Grainy, nutty and dense? Not these beans! Green beans are long and crisp and these pairing ideas will get you inspired.
What are Green Beans?
Green beans, also known as string beans, French beans, and snap beans, are cultivars of the common bean (Phaseolus Vulgaris) and belong to the same legume family as black beans and kidney beans.
They are harvested before the bean seeds inside have fully matured, so we consume the bean in its entirety, rather than just the matured bean itself.
The common green bean is, well, as the name suggests, green and long. They get the term string beans as there is a stringy piece of fibre on the back of the bean which is commonly removed before food preparation.
Many newer strains of green beans don’t actually have a string anymore, and the only preparation required is snapping off the ends.
Green beans are in season in summer and autumn but are usually available all year round. They’re easy to prepare and quick to cook—all good reasons why they’ve become a common ingredient in dishes.
We eat so much of it, in fact, that in 2020, the world production of green beans was 23 million tonnes. That’s a lot of green beans!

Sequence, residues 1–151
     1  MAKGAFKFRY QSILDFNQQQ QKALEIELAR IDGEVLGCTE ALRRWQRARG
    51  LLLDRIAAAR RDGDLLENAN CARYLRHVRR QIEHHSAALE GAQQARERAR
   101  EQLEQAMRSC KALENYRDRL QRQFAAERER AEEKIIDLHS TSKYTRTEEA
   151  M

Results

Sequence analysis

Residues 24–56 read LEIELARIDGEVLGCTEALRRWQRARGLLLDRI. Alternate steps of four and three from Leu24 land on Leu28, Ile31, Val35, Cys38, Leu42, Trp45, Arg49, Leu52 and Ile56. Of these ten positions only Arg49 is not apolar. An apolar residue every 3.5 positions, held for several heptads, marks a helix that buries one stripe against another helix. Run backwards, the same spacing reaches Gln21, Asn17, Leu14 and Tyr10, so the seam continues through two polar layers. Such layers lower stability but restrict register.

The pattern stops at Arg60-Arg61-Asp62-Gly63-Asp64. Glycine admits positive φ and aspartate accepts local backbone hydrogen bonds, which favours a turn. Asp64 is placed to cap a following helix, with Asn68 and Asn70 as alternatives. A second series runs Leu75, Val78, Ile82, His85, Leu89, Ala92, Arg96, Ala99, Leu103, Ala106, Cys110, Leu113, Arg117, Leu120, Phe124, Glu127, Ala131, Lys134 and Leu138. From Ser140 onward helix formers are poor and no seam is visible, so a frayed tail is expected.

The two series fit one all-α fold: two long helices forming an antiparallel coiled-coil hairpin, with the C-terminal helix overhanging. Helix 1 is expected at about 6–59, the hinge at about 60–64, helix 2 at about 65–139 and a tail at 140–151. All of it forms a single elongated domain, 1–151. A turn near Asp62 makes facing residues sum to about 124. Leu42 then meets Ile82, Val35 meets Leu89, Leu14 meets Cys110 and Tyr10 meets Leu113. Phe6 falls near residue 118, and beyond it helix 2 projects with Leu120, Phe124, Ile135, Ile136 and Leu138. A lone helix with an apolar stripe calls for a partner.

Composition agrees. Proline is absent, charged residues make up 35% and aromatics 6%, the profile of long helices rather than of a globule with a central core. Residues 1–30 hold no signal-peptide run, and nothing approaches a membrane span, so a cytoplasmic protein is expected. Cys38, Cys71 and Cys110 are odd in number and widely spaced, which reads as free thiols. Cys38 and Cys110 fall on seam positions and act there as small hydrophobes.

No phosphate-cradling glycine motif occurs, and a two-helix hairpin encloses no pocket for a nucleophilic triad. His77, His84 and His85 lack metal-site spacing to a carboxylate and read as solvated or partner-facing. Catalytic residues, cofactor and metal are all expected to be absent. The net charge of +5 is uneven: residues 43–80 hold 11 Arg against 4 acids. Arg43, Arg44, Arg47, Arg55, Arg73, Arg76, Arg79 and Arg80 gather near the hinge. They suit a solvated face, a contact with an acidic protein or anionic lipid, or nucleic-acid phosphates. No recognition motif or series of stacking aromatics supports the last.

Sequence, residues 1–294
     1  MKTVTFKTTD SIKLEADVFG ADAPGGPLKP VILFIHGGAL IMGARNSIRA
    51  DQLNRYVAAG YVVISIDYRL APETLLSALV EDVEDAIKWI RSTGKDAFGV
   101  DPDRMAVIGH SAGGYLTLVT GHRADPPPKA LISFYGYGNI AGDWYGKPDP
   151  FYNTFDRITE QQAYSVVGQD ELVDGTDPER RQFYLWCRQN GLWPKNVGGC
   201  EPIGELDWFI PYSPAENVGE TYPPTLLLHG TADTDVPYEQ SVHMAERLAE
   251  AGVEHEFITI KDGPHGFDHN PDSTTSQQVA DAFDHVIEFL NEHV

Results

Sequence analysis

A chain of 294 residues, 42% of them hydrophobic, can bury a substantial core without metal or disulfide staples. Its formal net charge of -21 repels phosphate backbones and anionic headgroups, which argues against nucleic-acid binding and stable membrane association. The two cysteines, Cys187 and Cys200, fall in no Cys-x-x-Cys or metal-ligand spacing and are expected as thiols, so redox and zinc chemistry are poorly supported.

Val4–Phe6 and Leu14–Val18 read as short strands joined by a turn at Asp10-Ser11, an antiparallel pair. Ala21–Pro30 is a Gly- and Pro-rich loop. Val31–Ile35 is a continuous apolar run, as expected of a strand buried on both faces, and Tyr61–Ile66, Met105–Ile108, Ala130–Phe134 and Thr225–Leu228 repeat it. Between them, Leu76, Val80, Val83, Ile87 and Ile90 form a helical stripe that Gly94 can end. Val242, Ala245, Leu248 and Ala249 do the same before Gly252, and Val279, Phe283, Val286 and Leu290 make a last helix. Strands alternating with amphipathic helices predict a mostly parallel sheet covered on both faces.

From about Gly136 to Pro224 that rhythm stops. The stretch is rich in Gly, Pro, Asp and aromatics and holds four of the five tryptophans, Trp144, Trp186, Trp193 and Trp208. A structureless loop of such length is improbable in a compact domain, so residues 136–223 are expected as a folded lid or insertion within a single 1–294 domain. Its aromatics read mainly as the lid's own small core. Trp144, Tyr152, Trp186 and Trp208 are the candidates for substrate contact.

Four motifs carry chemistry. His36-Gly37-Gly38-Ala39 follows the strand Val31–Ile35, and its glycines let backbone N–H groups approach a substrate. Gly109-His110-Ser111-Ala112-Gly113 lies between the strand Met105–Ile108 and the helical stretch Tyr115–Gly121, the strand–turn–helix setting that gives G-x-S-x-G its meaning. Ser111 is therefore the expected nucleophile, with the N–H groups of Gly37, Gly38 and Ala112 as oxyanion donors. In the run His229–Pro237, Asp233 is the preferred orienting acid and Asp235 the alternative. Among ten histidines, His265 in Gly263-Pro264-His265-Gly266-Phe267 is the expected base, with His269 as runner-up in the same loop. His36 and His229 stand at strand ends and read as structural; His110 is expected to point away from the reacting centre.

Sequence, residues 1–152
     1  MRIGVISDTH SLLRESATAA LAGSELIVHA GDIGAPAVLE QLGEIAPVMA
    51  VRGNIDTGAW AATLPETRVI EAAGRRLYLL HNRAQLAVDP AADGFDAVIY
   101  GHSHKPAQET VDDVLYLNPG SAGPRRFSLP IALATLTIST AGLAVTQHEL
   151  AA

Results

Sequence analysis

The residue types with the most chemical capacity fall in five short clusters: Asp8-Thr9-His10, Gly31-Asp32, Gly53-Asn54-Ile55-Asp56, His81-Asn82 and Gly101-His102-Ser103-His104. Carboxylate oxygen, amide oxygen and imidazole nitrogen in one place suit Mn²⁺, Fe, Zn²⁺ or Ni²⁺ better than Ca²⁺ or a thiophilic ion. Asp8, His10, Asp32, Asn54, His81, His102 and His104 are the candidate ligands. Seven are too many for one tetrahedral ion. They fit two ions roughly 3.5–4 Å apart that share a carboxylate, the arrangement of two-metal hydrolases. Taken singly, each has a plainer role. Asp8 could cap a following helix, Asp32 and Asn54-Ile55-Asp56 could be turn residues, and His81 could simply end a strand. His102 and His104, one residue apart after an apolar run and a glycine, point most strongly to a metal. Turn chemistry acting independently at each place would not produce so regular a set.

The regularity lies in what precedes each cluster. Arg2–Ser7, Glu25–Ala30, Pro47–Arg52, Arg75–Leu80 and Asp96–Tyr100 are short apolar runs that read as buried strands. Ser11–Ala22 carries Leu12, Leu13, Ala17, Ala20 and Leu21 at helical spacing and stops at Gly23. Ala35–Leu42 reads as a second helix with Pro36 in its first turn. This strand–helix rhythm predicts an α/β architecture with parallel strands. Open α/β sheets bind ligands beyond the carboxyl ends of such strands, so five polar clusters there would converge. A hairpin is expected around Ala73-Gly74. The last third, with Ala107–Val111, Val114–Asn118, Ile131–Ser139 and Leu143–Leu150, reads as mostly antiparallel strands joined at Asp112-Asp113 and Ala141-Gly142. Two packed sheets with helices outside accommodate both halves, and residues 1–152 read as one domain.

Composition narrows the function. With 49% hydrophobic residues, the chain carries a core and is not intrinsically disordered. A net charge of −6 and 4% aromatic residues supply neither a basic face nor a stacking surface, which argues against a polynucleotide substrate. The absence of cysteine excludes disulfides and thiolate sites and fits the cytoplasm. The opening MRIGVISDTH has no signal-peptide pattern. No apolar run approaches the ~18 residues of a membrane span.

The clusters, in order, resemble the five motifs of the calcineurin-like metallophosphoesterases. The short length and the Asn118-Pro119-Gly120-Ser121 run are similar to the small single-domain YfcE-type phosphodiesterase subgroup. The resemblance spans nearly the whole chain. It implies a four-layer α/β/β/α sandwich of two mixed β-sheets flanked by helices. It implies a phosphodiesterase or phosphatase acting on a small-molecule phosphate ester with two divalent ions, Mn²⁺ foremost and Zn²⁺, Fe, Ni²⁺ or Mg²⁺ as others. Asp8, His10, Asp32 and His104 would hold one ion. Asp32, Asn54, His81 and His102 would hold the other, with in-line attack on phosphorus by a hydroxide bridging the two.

Despite the name, there are yellow and purple green beans too! These 2 other varieties have a similar structure, texture, and taste to regular green beans.
The only difference is that wax (yellow) beans, as used in our king oyster mushroom salad recipe, have no chlorophyll. Green beans get their colour from chlorophyll, while yellow beans are just beans that do not have this pigment.
Purple beans (Royal Burgundy beans) are green beans in disguise! They have purple-hued skin but, when cooked, turn green. You wouldn’t be able to tell they were purple to begin with!
Check out the change of colour in this purple beans salad recipe.
All 3 variants provide the same nutrients and can be cooked interchangeably. Despite their differences in appearance, they have a similar flavour.
What Do Green Beans Taste Like?
Flavour: Green beans taste well, green! Ha! In better words, they’re fresh with grassy notes and have a sweet finish.
Texture: Fresh green beans should generally be firm and crisp and should make an audible cracking sound when broken.
The goal when preparing green beans is never to overdo it when cooking—cook until they’re just tender on the inside but still have a snappy, crunchy bite. Overcooking them will also cause them to lose their stunning bright green colour.
What Goes Well with Green Beans?
Fruit and Vegetables
Capsicum, carrot, celery, fava beans, fennel, garlic, ginger, lemon, lentil, mushroom, onion, potato, pumpkin, radish, shallot, tomato.
Herbs and Nuts
Almond, basil, dill, marjoram, mint, oregano, parsley, pecan, tarragon.
Protein and Dairy
Bacon, beef, buffalo mozzarella, butter, chicken, fish, parmesan, pork, prawn, turkey.
Balsamic vinegar, curry, soy sauce.
How to Use Green Beans in Salads and Side Dishes?